Law School Seeks Elite Practitioners as Instructors

The University of Mississippi School of Law seeks elite practitioners as instructors for its third annual Skill Session in January 2015.  These instructors earn the title of adjunct professor and professional skills fellow.

The Session is a two-week long professional skills training program for all law students, 1L to 3L.   Each instructor teaches a three-credit course focused not on substantive doctrine, but on the performance of lawyering tasks – drafting transactional documents, arguing motions, interviewing clients, preparing expert witnesses, etc.    The classes meet four to five hours per day for ten days:  Monday through Friday from January 5 to 16 of 2015.

“The Skill Session embodies the law school’s commitment to graduating students ready to serve clients immediately and effectively,” said Matthew Hall, senior associate dean.  “Along with our range of clinical programs, our journals and our advocacy programs such as moot court, the Skill Session ensures that our graduates leave the law school prepared to engage in the real work of lawyering.”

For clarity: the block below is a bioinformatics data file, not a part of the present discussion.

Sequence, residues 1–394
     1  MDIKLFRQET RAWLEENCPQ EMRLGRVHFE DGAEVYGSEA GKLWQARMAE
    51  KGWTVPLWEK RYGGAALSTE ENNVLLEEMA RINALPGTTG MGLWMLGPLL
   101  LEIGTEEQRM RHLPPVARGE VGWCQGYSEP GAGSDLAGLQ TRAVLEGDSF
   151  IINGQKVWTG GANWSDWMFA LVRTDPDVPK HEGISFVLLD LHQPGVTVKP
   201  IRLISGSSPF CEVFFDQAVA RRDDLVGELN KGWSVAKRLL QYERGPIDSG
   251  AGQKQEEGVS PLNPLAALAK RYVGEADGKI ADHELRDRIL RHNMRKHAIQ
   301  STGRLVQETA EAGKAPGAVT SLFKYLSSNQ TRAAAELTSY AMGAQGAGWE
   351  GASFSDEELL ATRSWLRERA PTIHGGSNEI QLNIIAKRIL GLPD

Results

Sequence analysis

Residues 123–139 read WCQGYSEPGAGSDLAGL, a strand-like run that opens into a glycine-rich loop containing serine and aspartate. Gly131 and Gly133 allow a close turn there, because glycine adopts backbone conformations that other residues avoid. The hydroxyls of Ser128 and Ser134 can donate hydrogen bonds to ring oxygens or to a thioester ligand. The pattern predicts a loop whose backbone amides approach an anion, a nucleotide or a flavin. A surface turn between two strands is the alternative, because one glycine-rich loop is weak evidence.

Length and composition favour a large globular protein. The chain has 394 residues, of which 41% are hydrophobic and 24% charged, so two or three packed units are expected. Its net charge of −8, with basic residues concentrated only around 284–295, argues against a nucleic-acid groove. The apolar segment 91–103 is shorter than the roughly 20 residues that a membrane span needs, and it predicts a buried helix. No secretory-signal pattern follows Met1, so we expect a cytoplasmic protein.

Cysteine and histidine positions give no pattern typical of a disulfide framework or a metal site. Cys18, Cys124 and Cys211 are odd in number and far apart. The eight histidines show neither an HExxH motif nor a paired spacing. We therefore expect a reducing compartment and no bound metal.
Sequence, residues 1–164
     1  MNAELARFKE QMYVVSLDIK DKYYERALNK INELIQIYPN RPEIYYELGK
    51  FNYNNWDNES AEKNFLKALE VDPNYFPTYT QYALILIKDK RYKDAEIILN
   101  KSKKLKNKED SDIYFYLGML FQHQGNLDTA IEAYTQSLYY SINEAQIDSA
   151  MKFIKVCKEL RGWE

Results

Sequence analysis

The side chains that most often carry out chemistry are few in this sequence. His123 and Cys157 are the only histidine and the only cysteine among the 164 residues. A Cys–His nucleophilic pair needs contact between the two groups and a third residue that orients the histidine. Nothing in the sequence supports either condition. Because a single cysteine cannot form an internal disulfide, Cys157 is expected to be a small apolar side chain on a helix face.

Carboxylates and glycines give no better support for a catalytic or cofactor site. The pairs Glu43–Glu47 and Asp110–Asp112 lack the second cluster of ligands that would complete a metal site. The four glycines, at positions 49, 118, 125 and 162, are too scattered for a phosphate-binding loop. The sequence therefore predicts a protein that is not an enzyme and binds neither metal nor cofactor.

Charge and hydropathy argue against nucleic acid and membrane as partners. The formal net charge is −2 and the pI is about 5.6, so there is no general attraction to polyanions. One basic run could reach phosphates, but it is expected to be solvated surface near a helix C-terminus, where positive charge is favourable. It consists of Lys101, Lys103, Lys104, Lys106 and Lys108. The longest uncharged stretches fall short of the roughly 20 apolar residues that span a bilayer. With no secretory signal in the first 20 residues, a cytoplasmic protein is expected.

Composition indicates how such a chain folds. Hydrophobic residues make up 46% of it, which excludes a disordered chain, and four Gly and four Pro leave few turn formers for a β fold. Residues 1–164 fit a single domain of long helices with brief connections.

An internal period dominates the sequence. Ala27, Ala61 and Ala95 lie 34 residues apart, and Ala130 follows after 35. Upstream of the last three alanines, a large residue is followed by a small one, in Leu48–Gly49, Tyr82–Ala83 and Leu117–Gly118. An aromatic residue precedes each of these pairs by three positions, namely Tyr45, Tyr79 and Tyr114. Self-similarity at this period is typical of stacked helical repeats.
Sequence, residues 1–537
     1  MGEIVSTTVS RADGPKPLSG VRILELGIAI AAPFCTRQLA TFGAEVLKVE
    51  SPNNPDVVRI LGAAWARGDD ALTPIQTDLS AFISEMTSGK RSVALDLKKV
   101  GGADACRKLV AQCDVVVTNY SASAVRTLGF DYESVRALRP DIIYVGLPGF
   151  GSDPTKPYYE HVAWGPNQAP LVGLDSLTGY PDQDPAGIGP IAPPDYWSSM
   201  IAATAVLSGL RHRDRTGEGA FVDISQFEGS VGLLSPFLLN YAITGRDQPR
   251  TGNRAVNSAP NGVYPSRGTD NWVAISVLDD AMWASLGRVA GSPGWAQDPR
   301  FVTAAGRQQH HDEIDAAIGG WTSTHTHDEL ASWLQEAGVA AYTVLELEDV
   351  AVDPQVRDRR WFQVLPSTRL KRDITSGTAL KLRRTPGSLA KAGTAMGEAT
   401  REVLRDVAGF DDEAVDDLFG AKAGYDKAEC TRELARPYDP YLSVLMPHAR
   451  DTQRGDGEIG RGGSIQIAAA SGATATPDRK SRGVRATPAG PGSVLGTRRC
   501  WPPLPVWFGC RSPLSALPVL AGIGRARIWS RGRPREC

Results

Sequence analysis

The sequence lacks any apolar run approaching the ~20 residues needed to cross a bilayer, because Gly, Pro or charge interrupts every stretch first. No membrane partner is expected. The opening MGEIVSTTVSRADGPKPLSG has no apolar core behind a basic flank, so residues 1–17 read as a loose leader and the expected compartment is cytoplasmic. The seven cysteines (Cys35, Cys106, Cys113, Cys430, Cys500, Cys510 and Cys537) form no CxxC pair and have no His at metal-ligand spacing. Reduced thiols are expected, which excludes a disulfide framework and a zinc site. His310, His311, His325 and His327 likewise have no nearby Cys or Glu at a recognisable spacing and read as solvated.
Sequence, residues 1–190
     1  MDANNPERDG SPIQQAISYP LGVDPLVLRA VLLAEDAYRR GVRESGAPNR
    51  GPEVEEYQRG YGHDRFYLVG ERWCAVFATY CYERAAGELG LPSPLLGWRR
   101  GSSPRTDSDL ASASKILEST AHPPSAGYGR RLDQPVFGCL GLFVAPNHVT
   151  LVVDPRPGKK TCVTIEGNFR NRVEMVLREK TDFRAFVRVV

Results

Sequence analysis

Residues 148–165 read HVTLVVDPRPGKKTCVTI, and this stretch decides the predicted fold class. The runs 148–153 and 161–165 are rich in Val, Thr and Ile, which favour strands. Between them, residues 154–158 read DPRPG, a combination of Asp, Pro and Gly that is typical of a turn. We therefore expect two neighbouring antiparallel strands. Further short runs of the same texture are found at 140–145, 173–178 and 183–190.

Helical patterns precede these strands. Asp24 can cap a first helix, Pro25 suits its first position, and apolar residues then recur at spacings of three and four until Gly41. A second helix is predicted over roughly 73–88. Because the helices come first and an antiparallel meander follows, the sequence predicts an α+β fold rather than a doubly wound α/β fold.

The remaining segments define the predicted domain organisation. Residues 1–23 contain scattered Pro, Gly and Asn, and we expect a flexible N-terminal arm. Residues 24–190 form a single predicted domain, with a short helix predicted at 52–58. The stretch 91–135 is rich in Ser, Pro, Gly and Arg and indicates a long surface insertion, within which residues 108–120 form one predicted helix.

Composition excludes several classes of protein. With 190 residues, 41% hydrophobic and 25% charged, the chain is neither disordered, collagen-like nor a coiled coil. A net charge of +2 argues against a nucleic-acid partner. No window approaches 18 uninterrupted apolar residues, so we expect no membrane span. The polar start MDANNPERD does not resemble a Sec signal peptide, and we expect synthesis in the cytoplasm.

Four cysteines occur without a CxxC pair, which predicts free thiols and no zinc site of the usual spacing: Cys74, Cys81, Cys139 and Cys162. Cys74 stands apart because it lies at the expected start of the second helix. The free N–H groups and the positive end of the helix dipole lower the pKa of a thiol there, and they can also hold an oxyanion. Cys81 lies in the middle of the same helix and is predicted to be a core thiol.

The law school is looking for practitioners interested in teaching courses in the Skill Session.  Requirements include being committed to train the next generation of lawyers, possessing deep experience in a particular professional skill, and possessing the ability and enthusiasm to translate that experience into a series of concrete exercises.  Those practical exercises must involve the students in a skills “performance” for each day of the Skill Session.

All first year students enroll in Contract Negotiation and Drafting, while second and third year students choose from a variety of electives.  The electives range from Discovery Boot Camp to How to Do a Film Dean and from Lawyers as Entrepreneurs to Municipal Law Practice, allowing upper level students to focus on litigation, transactional work or public service lawyering, and any number of areas including estate planning, real estate, sports law, entertainment law and intellectual property.

“The Skill Session represents a fundamental shift in the law school’s focus – law professors and elite practitioners working side by side to train the next generation of attorneys,” Hall said.

If you are interested in teaching in the January Skill Session, please contact Associate Dean Hall at

For more information and for an application form, please visit our Skill Session page.